Age is not just a number to Dr. Denham Harman. It's an obsession.
Why else would an 87-year-old man rise at 4:30 each morning, drive to the University of Nebraska Medical Center by 7 and put in an eight-hour day?
"Because I'm busy," Harman said. "If you don't stay busy, you die. I don't want to die right now."
Harman officially retired 17 years ago. He continues to work, unpaid, out of a cubbyhole office that seems beneath a man who is one of the 20th century's most significant researchers in the field of gerontology.
"He deserves the Nobel Prize," said Dr. Donald Ingram, acting chief of the laboratory of experimental gerontology at the National Institute on Aging in Baltimore. "He's been nominated before, but sometimes it takes a long time for a body of work to be fully appreciated. I hope he gets it while he's alive."
In 1954, Harman developed what now is the most widely accepted theory on the aging process, known as the "Free Radical Theory of Aging." In simple terms, the theory says a byproduct of oxygen use is adverse chemical reactions in cells. The result is aging and, ultimately, death.
The theory initially was, Harman said, "pooh-poohed and ridiculed" by the medical community.
By the 1980s, however, free radicals became part of research in cancer, cardiovascular disease and stroke. In recent years, free radicals have been linked to Alzheimer's disease.
Free radicals are atoms with unpaired electrons. The radicals are produced through the body's use of oxygen. According to Harman's theory, radicals damage cells in an organism, causing aging. By reducing free radicals, the aging process is slowed.
Dr. Jane Potter, section chief of Geriatrics and Gerontology in the UNMC College of Medicine, said Harman's theory was ahead of its time.
"There was a long lag between him saying this was important and others doing the research to prove it," Potter said. "The fact he was the original has been lost. There's no disagreement that he said it first. But he has been under-recognized."
Modest by nature, Harman has focused his energies on pressing for research that leads to the enhancement of life for seniors. He is driven by a quote by 18th century satirist Jonathan Swift, who wrote: "Every man desires to live long, but no one would be old."
To Harman, the issue is not increasing life span. He doubts life expectancy ever will exceed 85 years.
"We have reached the point where our living conditions are near optimum," he said. "We can do all the work we want on cancer research and heart disease, but it's not going to increase our life span. A major risk factor with those diseases is aging, and the aging process is built in."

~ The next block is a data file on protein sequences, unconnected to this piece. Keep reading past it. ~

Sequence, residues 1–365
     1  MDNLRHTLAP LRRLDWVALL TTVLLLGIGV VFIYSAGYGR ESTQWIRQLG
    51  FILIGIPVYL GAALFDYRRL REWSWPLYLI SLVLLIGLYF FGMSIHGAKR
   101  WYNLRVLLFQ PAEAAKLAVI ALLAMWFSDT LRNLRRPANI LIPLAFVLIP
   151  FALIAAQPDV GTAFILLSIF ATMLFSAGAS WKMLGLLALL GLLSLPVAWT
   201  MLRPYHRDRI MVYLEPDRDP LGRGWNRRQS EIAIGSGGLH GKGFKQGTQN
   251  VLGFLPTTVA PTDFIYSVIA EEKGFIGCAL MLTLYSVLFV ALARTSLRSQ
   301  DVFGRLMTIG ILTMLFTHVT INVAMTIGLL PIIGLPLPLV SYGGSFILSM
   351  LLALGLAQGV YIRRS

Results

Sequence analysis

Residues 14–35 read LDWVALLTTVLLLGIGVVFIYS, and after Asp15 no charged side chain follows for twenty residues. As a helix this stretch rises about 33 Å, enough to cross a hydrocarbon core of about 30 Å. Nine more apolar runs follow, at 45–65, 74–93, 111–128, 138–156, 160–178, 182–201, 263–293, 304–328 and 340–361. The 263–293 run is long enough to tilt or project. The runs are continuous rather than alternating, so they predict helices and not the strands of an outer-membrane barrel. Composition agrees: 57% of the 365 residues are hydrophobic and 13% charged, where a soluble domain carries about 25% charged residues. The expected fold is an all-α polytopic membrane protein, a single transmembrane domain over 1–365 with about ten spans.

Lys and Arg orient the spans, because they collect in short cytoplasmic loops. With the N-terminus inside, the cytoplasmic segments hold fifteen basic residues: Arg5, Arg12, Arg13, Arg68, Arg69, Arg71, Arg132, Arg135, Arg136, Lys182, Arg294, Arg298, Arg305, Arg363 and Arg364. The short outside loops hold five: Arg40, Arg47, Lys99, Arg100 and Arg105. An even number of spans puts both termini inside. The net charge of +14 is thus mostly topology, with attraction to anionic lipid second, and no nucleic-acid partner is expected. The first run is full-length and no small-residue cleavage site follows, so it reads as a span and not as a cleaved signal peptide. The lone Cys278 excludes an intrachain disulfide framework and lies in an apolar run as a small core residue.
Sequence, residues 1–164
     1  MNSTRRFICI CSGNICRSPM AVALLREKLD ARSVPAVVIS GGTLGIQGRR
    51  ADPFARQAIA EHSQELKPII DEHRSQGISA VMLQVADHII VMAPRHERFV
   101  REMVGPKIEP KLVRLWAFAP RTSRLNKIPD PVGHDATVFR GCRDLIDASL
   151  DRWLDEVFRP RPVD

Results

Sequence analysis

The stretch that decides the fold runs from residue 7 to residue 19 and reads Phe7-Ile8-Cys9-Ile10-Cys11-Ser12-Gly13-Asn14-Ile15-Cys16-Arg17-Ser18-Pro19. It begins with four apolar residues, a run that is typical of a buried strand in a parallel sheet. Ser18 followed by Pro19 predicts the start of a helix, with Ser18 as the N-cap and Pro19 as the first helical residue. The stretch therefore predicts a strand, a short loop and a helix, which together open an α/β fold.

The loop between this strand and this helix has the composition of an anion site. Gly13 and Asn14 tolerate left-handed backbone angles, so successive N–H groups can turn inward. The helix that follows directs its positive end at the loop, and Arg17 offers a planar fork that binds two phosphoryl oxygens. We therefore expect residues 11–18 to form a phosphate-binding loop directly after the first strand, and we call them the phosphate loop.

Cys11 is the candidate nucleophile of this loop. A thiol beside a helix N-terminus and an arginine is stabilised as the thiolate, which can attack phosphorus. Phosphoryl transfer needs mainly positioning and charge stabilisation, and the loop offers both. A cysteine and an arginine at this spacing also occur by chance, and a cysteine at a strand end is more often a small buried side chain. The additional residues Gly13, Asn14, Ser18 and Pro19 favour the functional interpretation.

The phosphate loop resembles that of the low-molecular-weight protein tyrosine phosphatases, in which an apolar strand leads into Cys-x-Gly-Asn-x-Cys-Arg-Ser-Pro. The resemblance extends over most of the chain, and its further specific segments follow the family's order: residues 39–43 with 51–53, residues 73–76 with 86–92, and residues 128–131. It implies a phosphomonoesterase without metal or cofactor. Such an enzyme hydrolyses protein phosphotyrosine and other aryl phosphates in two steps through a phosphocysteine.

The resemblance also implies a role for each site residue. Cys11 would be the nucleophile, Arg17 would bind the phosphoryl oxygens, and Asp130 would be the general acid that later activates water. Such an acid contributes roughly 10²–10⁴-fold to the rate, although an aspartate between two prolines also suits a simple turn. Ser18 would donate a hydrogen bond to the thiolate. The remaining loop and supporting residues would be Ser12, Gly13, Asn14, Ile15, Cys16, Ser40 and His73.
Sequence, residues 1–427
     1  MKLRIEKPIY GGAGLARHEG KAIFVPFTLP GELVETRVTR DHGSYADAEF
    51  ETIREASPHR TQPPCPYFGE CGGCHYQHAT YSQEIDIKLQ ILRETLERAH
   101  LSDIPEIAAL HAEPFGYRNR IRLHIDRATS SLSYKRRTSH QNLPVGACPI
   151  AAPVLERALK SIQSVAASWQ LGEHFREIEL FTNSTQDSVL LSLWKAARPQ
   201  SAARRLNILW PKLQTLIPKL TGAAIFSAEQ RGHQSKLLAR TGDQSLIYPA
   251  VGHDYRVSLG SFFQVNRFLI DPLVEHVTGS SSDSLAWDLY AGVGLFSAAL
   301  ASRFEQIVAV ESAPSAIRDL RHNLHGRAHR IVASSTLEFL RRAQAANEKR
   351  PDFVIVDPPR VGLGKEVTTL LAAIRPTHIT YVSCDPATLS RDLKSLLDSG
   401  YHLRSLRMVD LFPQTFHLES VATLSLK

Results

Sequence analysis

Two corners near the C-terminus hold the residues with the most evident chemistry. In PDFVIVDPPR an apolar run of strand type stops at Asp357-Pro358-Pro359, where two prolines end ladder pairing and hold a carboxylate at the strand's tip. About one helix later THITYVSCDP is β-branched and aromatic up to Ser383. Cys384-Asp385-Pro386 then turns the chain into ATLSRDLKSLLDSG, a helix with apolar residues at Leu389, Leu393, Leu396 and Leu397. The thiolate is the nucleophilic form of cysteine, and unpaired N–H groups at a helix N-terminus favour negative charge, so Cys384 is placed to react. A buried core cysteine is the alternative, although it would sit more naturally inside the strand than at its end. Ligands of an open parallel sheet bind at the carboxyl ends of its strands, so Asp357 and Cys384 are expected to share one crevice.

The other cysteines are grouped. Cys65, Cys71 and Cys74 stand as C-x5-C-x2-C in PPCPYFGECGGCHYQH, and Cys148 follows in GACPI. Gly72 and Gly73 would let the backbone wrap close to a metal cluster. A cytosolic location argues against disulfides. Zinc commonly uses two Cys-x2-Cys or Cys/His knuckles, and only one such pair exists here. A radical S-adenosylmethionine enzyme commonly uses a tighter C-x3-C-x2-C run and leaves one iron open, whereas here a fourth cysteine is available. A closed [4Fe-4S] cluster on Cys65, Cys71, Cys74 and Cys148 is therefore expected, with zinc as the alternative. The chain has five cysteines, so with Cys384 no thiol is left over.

Harman's work now is focused on applying the Free Radical Theory to help the elderly avoid a long period of decline before death.
"I'm talking about functional life span," he said. "You may not play tennis anymore, but you still get around, enjoy music or whatever your hobby is. When that period is over, you just disappear. That would be the ideal."
Slowing the production of free radicals, Harman believes, is key. Excessive smoking, alcohol consumption and a poor diet accelerate free-radical production, he said.
Conversely, not smoking, limiting drinking and maintaining a sensible diet decelerate free-radical production. Harman also urges regular exercise.
"So much of this is common sense," he said.
Harman, married for 60 years and the father of four, has followed his own advice throughout his life. He ran two miles a day until he was 82. He quit because of a back injury, but he continues to take regular walks to help him maintain a weight of 140 pounds on his 5-foot-10 frame. He has never smoked and drinks alcohol in moderation.
He is a big believer in nutritional supplements. Adults, he said, should take vitamins C and E and antioxidants to slow free-radical production.
Though he is a bit hard of hearing, he remains extremely sharp. His back injury has left him hunched over, but he still moves about at a brisk pace. His clean living might have a lot to do with his longevity, but he doesn't dismiss another factor: genes.
Harman's mother died at 80 of an asthmatic attack; his father died at 72 of a stroke.
A few years ago, Harman predicted he would live to 100.
Today, he senses his mortality, largely because of his back injury, which has resulted in calcium deposits in his spine and a ruptured appendix that nearly cost him his life two years ago.
Still, he has no plans to slow down. He continues to write papers, organize symposiums on aging and keep up on correspondence emphasizing the importance of more research.
He doesn't fear death, but he has a unique perspective on living.
"I hope to God I keep going, and one of these days I won't wake up in the morning," he said. "That will be fine."